TU Yunwen Design
Eat My Way through Design

Press & Events

IAC 2018 Conference Presentation: Eating in Space

The paper Tutu (Yunwen Tu) has worked on with Dr. Marianna Obrist, Dr. Lining Yao, Dr. Carlos Velasco was presented at the 69th International Astronautical Congress 2018 in Bremen, Germany by our first author Dr. Obrist.

We present, how research in the field of Human-Computer Interaction (HCI) can provide a usercentered design approach to co-create the future of food and eating in space, balancing functional and experiential factors in human food-interaction design. Based on our research, we developed three design concepts that meaningfully integrate and tackle four crucial challenges for ’Eating in Space’: to be functional, sensorial, emotional, and social.
— Paper abstract
Yunwen Tu
ABC7 News: Want to save the environment? Spoiler alert: you may have to eat less hamburgers

Interviewed by Juan Carlos Guerrero, ABC7 News. With Tutu’s project In the Balance, the article and video discuss the carbon emission of a beef burger during the Global Climate Action Summit 2018. We want to pose the question that eating better for the environment does not mean sacrifice.

Check out the article and video: Want to save the environment? Spoiler alert: you may have to eat less hamburgers

Leibowitz, who also owns Mission Chinese Food, teamed up with food designer Yunwen Tu (Tutu) to demonstrate the impact of carbon emissions in food.
Tutu created identical cubes that weight differently depending on how many carbon emissions a specific food takes to produce.
— Juan Carlos Guerrero, ABC7
Yunwen Tu
SF Chronicle: Woven jerky and homemade meat as the food design of the future

Interviewed by Tara Duggan, San Francisco Chronicle. The article covers most of the work Tutu has done since July, 2018.

Please find out the interview here: Woven jerky and homemade meat as the food design of the future

Tu, 25, is a food designer based in Daly City. Though she has a day job at a more traditional design consulting firm, Tu develops ideas for “alternative food futures” in anticipation of climate change and explosive population growth. Using design principles normally devoted to making smart phones or computers, she imagines what new forms food might take and then creates interactive educational exhibits about food sustainability that have been shown in museums and conferences in the Bay Area and Europe, including one currently on display at the California Academy of Sciences.
— Tara Duggan, SF Chronicle
Yunwen Tu
CGTN America: “Food designer” helps restaurants make climate-friendly choices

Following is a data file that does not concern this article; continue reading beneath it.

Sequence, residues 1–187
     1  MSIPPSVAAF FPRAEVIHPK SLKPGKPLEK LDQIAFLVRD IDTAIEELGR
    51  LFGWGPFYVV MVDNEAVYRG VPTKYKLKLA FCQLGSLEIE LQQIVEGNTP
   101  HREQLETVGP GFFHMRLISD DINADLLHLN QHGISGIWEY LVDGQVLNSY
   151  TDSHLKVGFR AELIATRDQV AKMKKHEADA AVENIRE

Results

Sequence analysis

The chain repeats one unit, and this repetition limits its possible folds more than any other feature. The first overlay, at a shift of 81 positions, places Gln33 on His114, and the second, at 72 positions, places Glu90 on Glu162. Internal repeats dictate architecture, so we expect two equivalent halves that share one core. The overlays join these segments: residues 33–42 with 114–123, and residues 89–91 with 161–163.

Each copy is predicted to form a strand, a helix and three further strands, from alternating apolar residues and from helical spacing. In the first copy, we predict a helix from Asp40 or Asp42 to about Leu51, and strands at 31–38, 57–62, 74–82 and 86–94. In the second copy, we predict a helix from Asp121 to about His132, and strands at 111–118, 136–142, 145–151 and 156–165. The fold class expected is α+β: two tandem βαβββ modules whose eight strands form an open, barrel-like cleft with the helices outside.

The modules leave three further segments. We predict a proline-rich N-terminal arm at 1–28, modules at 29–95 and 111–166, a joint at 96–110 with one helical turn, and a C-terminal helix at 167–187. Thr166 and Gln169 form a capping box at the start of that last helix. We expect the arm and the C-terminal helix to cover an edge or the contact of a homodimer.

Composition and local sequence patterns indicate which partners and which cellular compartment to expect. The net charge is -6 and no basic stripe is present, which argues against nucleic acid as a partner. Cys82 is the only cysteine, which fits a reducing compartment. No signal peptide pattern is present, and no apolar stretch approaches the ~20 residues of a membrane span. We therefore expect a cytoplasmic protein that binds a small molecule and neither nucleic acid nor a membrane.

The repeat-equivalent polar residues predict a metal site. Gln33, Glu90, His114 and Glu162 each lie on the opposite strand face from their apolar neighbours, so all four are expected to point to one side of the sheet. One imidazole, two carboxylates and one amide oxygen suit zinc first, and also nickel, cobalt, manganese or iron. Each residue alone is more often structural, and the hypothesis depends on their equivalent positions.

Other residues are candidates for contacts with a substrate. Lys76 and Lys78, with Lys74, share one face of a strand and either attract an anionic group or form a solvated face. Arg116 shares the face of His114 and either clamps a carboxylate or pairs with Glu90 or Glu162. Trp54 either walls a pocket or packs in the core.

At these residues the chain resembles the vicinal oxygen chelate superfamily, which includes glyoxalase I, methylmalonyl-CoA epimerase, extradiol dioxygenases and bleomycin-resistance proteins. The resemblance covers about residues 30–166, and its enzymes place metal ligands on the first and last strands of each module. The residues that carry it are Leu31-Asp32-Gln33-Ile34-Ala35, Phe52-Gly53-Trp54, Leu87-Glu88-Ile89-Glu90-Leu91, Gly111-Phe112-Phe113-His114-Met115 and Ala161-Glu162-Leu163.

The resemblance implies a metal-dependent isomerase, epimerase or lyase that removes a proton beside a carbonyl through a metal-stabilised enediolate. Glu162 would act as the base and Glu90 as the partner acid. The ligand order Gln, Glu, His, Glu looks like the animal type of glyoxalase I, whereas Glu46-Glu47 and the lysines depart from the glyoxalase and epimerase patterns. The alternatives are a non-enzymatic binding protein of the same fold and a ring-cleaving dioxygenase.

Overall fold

Interviewed by Mark Niu, CGTN America at The Perennial restaurant. The interview was aired on CGTN America, CCTV9 (in China), Dish TV 279 and Comcast 171 (in the Bay Area). 

Please find out the interview here: “Food designer” helps restaurants make climate-friendly choices

Tutu, as she’s known, shows me her In the Balance project, which demonstrates how you need lot of foods — oranges, tomatoes, broccoli, salmon, eggs, and an extra salmon— to surpass the amount of carbon dioxide emitted from cheese.

“How a lot of businesses produce food now is actually based on the customer’s and consumer’s needs,’ said Tu. ‘So if we help people learn about how to choose better food, more sustainable way to eat food, we’ll make a different decision for those businesses.”
— Mark Niu, CGTN America
Yunwen Tu
Exhibition: Foodtopia 2030

Tutu (Yunwen Tu) had curated a Future Food Design Exhibition FoodTopia 2030 at FoodInno Symposium 2018.

Exhibition Abstract

What will food look like if we change the food production process?

What will the future utensil be if the dining behavior shifted?

Can the perception of food waste be reformed to reflect a better future? 

Eating is one of the most repetitive behaviors yet most of the time we do it without much reflection. This inspiring group of talented designers is exploring the meaningful moments of making, eating and storing food. The exhibition demonstrates the design of foods, utensils, dining manners, social interactions, and the production methods in an alternative future. We want to invite you into those moments and reimagine the future of our dining culture and food society. Why don’t we eat differently? What is a preferable food future to you? 





Yunwen Tu